Founded in partnership between the Basser Center for BRCA at Penn Medicine's Abramson Cancer Center and Alejandra Campoverdi (founder of the Well Woman Coalition and co-host of the Pod is a Woman Podcast), LATINOS & BRCA is a comprehensive initiative to raise awareness, provide education and resources, and build community for the U.S. Latino community around BRCA-related cancers.

Latinos and BRCA

LATINOS & BRCA provides ongoing resources for patients and families.


Nicole Discusses the Importance of Having Health History Conversations in the Latino Community

Basser Young Leadership Council member and patient advocate Nicole Garcia, shares how she found out about her BRCA1 genetic mutation diagnosis and how important it was for her to have open discussions about her family health history as a Latina.

Alejandra Campoverdi Shares the Value of Knowledge Within the Latino Community

As a proud Latina, Alejandra shares how pivotal it is to raise awareness of BRCA gene mutations in the Latino community. With our Latinos & BRCA initiative, which Alejandra co-founded, we work to provide educational materials in Spanish, Spanish-speaking genetic counselors and doctors, and other resources so that people of the Latino community feel comfortable and inspired to learn more.

Spanish-Language Resources

*Email basserinfo@pennmedicine.upenn.edu if you would like to be added to this directory.

LATINOS & BRCA Outreach Poster Campaign

As part of the Basser Center’s LATINOS & BRCA initiative, we’ve launched an outreach poster campaign to raise awareness, provide resources and offer support to Latino communities about BRCA genetic mutations in men and women. Our poster campaign toolkit contains educational materials in English and Spanish, including a poster, family history tool, fact sheets and brochure. We are seeking the help of organizations and healthcare providers to reach additional communities!

*Organizations can also email basserinfo@uphs.upenn.edu to learn more.

Basser Young Leadership Council member and patient advocate Nicole Garcia, her mother, Mariana Garcia, and her sister, Marisa Martinez, discuss their family's journey with BRCA, including how they've managed their personal cancer risk, and how the Latino community can better educate themselves about family cancer history. The panel was moderated by Alejandra Campoverdi, co-founder of the Basser Center's LATINOS & BRCA initiative.

Elle Magazine editor-in-chief and fashion icon Nina Garcia shares her personal experience with BRCA and hereditary cancer for the official launch of LATINOS & BRCA on November 18, 2019, at the Basser Jean Bash.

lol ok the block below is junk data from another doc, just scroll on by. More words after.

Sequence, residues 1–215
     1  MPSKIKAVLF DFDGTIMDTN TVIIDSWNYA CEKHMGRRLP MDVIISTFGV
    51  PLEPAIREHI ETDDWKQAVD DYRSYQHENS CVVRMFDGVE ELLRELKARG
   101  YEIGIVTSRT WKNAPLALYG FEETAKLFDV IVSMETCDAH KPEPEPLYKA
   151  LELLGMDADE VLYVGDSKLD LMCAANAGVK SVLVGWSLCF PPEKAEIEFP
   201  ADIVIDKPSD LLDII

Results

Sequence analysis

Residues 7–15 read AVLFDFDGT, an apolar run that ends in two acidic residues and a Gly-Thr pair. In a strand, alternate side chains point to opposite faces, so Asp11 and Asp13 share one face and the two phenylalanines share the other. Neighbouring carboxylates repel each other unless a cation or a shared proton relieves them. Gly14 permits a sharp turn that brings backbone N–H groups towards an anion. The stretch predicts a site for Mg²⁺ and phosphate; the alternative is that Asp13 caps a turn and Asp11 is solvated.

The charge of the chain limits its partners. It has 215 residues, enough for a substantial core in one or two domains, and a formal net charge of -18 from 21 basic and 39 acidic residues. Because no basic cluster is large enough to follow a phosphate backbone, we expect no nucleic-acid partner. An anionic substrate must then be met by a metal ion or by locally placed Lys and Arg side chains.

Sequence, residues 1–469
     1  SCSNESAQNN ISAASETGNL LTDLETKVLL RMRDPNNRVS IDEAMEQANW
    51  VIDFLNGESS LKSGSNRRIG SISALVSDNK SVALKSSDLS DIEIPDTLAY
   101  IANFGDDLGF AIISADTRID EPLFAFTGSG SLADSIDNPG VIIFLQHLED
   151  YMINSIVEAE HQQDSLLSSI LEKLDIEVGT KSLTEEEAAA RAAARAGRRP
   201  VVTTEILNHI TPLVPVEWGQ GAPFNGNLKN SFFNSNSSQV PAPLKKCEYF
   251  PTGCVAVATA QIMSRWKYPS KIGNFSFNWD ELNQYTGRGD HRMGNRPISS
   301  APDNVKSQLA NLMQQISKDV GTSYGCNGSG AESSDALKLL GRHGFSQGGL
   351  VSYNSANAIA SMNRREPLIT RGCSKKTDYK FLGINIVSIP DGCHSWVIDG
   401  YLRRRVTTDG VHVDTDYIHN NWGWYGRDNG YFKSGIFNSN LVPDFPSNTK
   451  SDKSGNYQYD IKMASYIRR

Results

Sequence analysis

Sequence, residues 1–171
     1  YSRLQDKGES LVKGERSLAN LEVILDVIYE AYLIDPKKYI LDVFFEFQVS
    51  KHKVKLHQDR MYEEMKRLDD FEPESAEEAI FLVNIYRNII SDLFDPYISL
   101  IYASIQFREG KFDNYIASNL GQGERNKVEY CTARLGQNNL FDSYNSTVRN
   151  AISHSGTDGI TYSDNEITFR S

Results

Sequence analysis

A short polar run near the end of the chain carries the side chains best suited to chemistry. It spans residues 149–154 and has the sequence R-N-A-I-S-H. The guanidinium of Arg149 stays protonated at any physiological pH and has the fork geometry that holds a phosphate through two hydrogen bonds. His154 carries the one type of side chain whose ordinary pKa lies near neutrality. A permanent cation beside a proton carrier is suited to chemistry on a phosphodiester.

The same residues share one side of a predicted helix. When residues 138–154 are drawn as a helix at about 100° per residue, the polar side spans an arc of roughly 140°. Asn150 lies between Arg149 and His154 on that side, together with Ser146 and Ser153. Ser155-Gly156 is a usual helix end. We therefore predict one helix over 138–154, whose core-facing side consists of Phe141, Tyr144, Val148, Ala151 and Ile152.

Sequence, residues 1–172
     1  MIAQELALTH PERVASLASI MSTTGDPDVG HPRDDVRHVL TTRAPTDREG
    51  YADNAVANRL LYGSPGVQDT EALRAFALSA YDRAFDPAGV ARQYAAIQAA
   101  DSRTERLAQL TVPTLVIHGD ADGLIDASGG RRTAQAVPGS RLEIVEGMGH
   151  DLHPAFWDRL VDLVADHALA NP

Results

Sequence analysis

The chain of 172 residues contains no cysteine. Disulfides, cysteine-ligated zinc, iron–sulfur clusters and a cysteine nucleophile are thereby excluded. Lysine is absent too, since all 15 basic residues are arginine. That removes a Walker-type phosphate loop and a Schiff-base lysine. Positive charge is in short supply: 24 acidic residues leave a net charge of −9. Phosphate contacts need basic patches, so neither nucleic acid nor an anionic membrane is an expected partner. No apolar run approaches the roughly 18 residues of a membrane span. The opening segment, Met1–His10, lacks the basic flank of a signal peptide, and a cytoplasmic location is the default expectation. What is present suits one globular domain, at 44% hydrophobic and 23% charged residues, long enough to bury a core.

While everyone has BRCA genes, inheriting a gene mutation can increase your risk of certain types of cancer. The Basser Center's LATINOS & BRCA initiative presents this conversation with Nicole Garcia, who shares her personal story about her family's journey with hereditary cancer.

BRCA mutations can increase lifetime risk for cancers including breast, ovarian, pancreatic, prostate and melanoma. Women and men alike can inherit these mutations and pass them on to their children. Learn more potentially life-saving information about BRCA in this Spanish-language video.

    About the Basser Center

    Founded in 2012 by Penn alumni, Mindy and Jon Gray, the Basser Center for BRCA at Penn Medicine's Abramson Cancer Center is the first comprehensive center for the research, treatment, and prevention of BRCA-related cancers. Devoted to advancing care for people affected by BRCA gene mutations, the Basser Center's unique model provides funding for collaborative research, education and outreach programs around the world. The Basser Center's mission is to see a world free of the devastating effects of BRCA-related cancers and, in doing so, provide a roadmap for curing genetic diseases.

    About Alejandra Campoverdi

    Alejandra Campoverdi is a vocal women's health advocate, the founder of the Well Woman Coalition, co-host of the Pod is a Woman Podcast, and a former White House aide to President Obama. She founded the Well Woman Coalition in 2018 while undergoing a double mastectomy to lower her breast cancer risk after testing positive for a BRCA mutation. The Well Woman Coalition initiative empowers women of color to have agency over their own health and healing through awareness, education and advocacy.

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